Become a jewelry architect. Learn techniques that will generate your next trend setting collection by focusing on the art of your own style. Create a portfolio that will become the blueprints of your brand.
New York, NY (PRWEB) February 08, 2017
Internationally recognized fine jewelry designer, Kristin Hanson, will be teaching a four-session course, curated for jewelry designers at the New York Jewelry Design Institute (NYJDI). Putting the spotlight on students looking to develop their own signature collection of fine jewelry. Hanson’s class will help identify the source of inspiration needed to make a trademark style. Through concept development, by means of art, structure and form, the lessons will explore the design process. Finding the right materials, defining inspiration, and storytelling through a portfolio while elementally standing out will all be explored.
“Become a jewelry architect. Learn techniques that will generate your next trend setting collection by focusing on the art of your own style. Create a portfolio that will become the blueprints of your brand," says Kristin Hanson. She adds, “I am very excited to bring this new educational program to the jewelry industry. Students will have the opportunity discover their own creative potential while learning fun specialized techniques.”
Born in Montclair, New Jersey, Kristin Hanson ventured out to Colorado at the age of 17. Tucked away in the Rocky Mountains, she studied one-on-one with master jeweler, Harold O’Connor, and later moved to the Alchimia contemporary jewelry school in Florence, Italy. There, she apprenticed with Giampaulo Babetto, and learned a foundational approach, while curating her own contemporary signature forms, learning to preserve classical European goldsmith techniques while accentuating the innate beauty of rare, naturally colored diamonds. Over the years, Hanson’s jewelry, and dedicated work as an educator and diamond specialist evolved, and she has received international recognition as a leader in the fine jewelry industry. Today, her collections are available in Neiman Marcus department stores across the country.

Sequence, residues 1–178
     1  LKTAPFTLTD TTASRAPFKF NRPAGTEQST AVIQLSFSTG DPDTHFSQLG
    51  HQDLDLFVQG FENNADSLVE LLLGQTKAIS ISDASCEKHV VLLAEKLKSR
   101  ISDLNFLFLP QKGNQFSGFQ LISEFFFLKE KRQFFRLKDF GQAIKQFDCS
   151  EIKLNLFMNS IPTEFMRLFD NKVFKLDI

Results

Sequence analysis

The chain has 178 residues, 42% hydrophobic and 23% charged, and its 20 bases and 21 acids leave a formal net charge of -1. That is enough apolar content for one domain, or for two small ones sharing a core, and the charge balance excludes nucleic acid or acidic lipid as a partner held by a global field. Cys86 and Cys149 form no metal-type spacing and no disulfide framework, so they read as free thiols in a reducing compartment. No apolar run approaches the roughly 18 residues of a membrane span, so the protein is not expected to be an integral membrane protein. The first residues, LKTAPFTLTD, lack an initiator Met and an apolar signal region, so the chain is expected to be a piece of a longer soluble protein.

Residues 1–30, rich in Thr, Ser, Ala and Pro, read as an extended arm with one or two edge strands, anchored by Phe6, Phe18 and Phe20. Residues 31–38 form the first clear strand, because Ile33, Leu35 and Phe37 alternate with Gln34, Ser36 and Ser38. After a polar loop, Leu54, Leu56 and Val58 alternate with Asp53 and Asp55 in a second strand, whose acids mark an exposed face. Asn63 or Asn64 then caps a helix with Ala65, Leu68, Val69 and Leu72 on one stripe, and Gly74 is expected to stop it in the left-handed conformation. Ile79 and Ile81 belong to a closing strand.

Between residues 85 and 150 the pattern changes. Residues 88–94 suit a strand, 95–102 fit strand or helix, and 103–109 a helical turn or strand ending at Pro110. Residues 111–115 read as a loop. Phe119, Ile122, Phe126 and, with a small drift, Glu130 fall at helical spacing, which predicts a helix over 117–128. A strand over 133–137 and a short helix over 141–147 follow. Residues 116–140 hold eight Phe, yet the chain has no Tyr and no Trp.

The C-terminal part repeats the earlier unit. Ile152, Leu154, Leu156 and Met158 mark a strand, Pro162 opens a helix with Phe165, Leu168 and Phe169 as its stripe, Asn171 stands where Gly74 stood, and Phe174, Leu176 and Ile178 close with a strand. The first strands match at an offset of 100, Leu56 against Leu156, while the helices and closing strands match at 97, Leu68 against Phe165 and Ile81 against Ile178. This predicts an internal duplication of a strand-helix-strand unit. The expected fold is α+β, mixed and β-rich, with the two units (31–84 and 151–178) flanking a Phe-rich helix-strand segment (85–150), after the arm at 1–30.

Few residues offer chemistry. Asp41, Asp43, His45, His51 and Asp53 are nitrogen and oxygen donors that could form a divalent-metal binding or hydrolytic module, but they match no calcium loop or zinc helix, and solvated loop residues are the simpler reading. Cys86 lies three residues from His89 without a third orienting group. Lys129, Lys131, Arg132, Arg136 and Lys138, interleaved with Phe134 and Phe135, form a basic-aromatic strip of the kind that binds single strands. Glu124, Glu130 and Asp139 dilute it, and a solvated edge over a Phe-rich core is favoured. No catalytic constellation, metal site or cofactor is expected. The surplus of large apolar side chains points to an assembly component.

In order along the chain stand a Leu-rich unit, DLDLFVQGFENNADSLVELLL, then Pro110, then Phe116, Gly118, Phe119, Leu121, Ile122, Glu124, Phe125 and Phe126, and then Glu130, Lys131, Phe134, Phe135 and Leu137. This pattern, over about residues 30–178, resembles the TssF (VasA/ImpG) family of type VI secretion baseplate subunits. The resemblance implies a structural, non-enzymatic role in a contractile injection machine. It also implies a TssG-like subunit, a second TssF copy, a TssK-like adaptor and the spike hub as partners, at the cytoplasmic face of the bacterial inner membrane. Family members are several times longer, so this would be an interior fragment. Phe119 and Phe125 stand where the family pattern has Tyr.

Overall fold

Hanson’s course at the NYJDI will be a firsthand experience for designers who want to curate their signature look that will stand out in the industry. Discover how to make your collection unique to your own personal style. Learn fun exercises and techniques that will transform your jewelry concepts into art.
In this class students will work with a number of mediums including drawing, painting, photography, collage, video and sculpture.
Jenine Lepera Izzi, Creative Director of NYJDI, says, “Kristin adds a layer of sophistication to designing jewelry. She brings expansive knowledge to our classroom, and our students will greatly benefit from her worldly experience as an award winning jewelry designer, teacher and entrepreneur.”
Create Your Own Signature Collection, with Kristin Hanson, is a four-session course that will take place every Tuesday from March 28, 2017 through April 18, 2017 from 6:00 p.m. to 9:00 p.m., at NYJDI.
For more information about the courses, contact NYJDI 212-951-1314 or email info(at)nyjdi(dot)com. For more information about this release, contact info(at)pietrapr(dot)com or call 212-913-9761.
An educational haven for budding designers and jewelry pros looking to enhance their skills, the New York Jewelry Design Institute was founded in 2013 by Jenine Lepera Izzi, an interior designer turned jewelry designer who was inspired to pursue the field while living in Florence, Italy. The school was conceived out of a passion for design; a belief that the same design process used by the world’s leading artists and designers could be applied to the jewelry industry. The school has since expanded the curriculum to include many new practical courses.
About Kristin Hanson
Kristin has been creating and teaching jewelry since she was a child. Her exploration of jewelry started with glass beads and wire, and she now specializes in fancy color diamonds and platinum jewelry. Although her materials may have evolved, her art is very similar.